Bees use complex memory for communication

Bees use waggle dance to communicate with their nest mates the flight distance and direction to foraging sites. Now, a research team led by Axel Brockmann at the National Centre for Biological Sciences (NCBS), Bengaluru, has studied how bees use complex memory to generate dance duration to communicate a change in foraging distance.

Bees are known to waggle dance near the entrance of the hives. The duration of the waggle run of a dancing bee correlates with the distance between the food site and the hive. For instance, as the distance to the foraging site increases, the duration of waggle increases too.

The team used the honey bee species Apis mellifera for the study. “Most of the research on the brain and behaviour of bees around the world is done with the help of A. mellifera and therefore we could put our results into the context of all the research done previously,” says Dr. Brockmann.

Memory formation

To understand in detail memory formation in bees for waggle dance, the researchers trained a group of honey bees to forage food kept 300 metres away from the hive. When the food source was shifted to 400 metres, most of the bees took multiple trips to the new foraging site to update their dance. Till such time the bees formed the new memory, they displayed an intermediate dance duration indicating distances in between the new and old foraging locations.

“One must assume that the bees, when arriving at the new feeder site, know the distance between the feeder and the hive. If not, they will not be able to find the way back. The occurrence of intermediate dance durations indicates that the bees use memory of both distances when they update the dance information,” says Dr. Brockmann.

It was also noticed that the memory processes of bees responded differently depending on whether the foraging distance was extended or shortened from the original distance of 300 metres. When the feeder was shifted from the original distance of 300 metres to 200 metres and back to 300 metres, the bees were able to update the feeder distance following each shift and communicate the distance correctly through waggle dance.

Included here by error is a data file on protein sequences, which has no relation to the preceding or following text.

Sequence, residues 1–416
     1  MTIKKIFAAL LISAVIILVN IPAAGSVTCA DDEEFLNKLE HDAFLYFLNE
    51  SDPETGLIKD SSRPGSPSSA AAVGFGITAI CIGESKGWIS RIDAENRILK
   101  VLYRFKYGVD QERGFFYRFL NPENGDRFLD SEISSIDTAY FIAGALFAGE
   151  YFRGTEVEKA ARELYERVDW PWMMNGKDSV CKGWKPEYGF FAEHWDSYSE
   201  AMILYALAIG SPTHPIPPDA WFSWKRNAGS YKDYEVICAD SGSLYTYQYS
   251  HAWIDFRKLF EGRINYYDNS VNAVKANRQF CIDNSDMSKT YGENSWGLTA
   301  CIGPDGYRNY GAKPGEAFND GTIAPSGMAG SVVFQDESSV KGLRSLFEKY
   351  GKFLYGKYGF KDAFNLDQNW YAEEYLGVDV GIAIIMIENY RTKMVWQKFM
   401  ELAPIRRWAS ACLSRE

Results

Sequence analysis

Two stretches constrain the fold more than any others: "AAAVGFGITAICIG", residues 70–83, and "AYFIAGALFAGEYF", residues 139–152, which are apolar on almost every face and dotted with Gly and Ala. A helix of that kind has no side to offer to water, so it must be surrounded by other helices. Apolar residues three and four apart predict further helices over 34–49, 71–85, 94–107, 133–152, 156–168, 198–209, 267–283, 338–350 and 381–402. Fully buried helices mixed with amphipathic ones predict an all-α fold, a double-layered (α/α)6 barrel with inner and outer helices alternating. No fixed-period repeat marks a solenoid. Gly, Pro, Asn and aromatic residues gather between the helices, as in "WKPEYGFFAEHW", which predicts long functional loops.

In contrast, when the feeder was shifted from the original distance (300 metres) to 400 metres the bees were able to communicate the longer foraging distance. But when brought back to the original distance of 300 metres, it continued to exhibit the waggle duration for 400m.

“The foraging site at 400 metres was new to the bees unlike the one at 200 metres which the bees visited earlier during the training process. Therefore, when the feeder was first shifted to a novel site [400 metres] and then back to the original site [300 metres], honey bees did not update the waggle duration after the second shift. This is likely due to new memory interfering with the recall of an older one,” says Arumoy Chatterjee, a PhD student at the institute. He is the first author of the paper published in Journal of Experimental Biology.

“Previously, there was no easy way to dissociate the waggle dance activity of honey bee foragers from their foraging activity. Our experiments now provide us with the means to dissociate them, an essential first step towards understanding the mechanisms underlying the conversion of flight information to waggle dance information”, adds co-author Ebi George, another PhD student at the institute.

Our code of editorial values

This article is closed for comments.
Please Email the Editor

Printable version | Oct 27, 2021 1:16:51 PM |

Next Story